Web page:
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06 August 2018 Photo Sonia Small
Karen Lazenby WomenofKovsies
Dr Karen Lazenby strives for a stronger, rule-based, and consistent governance structure.

A transformed University of the Free State (UFS) will be one that promotes social justice in everything it does, a university where its diverse people feel a sense of common purpose and engagement. The UFS is developing this through its Integrated Transformation Plan (ITP) introduced in January 2017. 

“The majority of the current systems and processes in student administration at the university are still manual. This lack of automation leads to inconsistencies and service failures,” says Dr Karen Lazenby. As Registrar for Systems and Administration, Dr Lazenby is responsible for ensuring a smooth and efficient student lifecycle across all three campuses. 

With the ITP, the Governance: Systems and Administration work stream strives to have a stronger, rule-based, and consistent governance structure with a single line of accountability in student administration across all faculties and relevant support departments on the three campuses. By ensuring this ease of use and access there will be an integrated student experience and greater empowerment of students.

“Our focus is on automation and self-services for students (such as the time-table, requests for additional and ad hoc exams and appeals), to ensure transparency and accessibility of rules and policies, decisions relating to admission, progression rules, awarding of qualifications and graduation and faculty and general rules,” Dr Lazenby said.  It will also entail the optimisation of PeopleSoftCampus (the Enterprise Resource Planning system).

“Through this automation, I would also like to get the university’s student administration to such a level that academic staff can focus their energy on teaching and research and student administration staff can focus more on quality assurance,” said Dr Lazenby.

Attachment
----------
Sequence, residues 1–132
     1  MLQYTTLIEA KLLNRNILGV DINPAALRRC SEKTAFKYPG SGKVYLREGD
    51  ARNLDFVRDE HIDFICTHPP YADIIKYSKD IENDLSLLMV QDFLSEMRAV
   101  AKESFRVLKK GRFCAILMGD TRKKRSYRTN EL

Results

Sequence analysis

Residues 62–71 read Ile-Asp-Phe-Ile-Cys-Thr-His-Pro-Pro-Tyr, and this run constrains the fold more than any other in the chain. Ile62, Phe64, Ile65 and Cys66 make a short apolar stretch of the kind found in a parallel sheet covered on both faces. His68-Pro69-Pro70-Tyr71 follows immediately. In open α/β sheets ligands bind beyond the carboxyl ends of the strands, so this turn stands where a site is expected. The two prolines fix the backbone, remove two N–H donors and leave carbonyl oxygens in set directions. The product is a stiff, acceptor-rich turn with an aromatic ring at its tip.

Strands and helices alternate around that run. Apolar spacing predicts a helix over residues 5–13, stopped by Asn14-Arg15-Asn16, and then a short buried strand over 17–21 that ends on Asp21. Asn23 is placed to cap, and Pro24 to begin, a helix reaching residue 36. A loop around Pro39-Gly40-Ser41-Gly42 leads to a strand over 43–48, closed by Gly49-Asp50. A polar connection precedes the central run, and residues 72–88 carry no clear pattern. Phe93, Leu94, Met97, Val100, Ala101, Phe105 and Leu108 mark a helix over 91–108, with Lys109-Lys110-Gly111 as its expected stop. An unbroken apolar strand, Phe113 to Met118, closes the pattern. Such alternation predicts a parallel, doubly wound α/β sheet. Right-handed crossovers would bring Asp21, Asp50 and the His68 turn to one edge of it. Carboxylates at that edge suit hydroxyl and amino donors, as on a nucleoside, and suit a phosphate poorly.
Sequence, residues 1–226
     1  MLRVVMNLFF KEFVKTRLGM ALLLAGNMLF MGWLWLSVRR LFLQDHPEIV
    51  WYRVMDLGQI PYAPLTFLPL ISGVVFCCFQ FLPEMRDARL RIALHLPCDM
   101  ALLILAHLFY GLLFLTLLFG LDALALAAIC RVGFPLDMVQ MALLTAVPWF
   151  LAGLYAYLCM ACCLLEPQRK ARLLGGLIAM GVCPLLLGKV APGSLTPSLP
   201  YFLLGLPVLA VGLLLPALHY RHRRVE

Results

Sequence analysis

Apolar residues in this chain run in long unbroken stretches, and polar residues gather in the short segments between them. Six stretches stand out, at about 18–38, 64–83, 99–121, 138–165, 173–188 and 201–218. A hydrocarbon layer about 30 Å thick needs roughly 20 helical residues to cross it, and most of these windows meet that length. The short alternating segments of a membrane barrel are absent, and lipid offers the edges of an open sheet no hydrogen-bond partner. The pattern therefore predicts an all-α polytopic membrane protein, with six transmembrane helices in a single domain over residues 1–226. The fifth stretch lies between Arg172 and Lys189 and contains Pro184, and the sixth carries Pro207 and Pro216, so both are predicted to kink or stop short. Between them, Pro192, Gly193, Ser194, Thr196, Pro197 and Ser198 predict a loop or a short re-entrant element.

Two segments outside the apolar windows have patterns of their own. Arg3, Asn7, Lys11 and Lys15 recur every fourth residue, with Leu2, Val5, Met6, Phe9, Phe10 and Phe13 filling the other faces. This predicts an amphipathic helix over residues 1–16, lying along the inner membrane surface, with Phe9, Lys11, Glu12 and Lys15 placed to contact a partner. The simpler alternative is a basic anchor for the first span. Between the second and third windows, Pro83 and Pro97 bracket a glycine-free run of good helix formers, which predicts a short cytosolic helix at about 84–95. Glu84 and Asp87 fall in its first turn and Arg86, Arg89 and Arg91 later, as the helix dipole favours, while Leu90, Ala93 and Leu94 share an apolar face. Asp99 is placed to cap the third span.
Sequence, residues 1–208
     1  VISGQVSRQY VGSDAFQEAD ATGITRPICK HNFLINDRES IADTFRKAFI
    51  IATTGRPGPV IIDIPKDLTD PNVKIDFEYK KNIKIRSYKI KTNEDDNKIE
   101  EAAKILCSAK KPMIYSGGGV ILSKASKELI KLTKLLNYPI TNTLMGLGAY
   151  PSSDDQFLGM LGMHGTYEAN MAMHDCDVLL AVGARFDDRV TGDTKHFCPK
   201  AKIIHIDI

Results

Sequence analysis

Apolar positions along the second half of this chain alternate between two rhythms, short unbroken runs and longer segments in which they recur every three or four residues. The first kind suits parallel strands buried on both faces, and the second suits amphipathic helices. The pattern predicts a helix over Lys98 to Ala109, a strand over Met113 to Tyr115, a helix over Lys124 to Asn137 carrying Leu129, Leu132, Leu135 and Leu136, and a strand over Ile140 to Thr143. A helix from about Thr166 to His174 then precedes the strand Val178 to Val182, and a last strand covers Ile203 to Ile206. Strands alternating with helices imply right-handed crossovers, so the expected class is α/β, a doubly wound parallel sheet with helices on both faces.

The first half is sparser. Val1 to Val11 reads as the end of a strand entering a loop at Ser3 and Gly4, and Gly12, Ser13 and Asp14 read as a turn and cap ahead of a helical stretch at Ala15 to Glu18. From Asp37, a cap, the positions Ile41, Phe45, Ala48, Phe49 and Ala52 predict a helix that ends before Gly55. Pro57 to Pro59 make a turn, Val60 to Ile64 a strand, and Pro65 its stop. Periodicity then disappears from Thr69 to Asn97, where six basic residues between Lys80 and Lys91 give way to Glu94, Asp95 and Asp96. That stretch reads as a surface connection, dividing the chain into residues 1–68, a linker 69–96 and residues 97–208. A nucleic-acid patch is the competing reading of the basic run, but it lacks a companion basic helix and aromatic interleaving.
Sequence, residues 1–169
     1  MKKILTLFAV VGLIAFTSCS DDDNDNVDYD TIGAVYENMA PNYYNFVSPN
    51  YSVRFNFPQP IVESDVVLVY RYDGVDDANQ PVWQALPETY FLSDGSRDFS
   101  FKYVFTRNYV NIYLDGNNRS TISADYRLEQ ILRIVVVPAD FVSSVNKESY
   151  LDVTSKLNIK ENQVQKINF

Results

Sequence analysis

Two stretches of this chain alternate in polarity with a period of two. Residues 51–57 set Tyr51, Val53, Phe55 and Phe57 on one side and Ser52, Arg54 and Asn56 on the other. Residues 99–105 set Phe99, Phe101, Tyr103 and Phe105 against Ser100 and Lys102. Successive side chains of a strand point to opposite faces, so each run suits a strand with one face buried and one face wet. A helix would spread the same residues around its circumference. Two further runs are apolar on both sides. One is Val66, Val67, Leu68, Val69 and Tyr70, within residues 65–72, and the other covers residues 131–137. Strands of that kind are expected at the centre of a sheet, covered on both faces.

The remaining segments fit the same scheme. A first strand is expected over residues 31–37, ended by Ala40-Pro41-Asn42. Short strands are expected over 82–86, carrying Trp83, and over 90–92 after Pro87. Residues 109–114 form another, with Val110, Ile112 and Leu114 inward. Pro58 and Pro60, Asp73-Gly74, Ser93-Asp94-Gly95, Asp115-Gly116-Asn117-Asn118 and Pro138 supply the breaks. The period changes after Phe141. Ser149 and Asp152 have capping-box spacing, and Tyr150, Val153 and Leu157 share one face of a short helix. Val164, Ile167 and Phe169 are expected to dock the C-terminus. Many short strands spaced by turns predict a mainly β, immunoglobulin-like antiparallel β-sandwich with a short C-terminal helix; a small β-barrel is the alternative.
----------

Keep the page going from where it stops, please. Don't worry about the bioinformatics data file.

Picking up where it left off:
News Archive

National interpreter project awarded to the UFS
2008-03-07

 
A national project on the training of court interpreters was recently officially launched on the Main Campus of the University of the Free State (UFS) in Bloemfontein. It is a joint project of the UFS, the Department of Justice and Constitutional Development, and the Safety and Security Sector Education and Training Authority (SASSETA). The project includes the training of 100 court interpreters countrywide over the next two years. It was awarded to the Department Afroasiatic Studies, Sign Language and Language Practice at the UFS after all higher education institutions in the country had the opportunity to apply to undertake this project. The project is lead by Prof. Annelie Lotriet, Associate Professor in the Department of Afroasiatic Studies, Sign Language and Language Practice and an internationally renowned interpreting expert, who was also responsible for the training of interpreters for the former Truth and Reconciliation Commission. At the launch of the project were, from the left: Mr Zongezile Baloyi (Chief Executive Officer of SASSETA), Prof. Lotriet, and Prof. Sakkie Steyn (Registrar: General at the UFS).
Photo: Leonie Bolleurs

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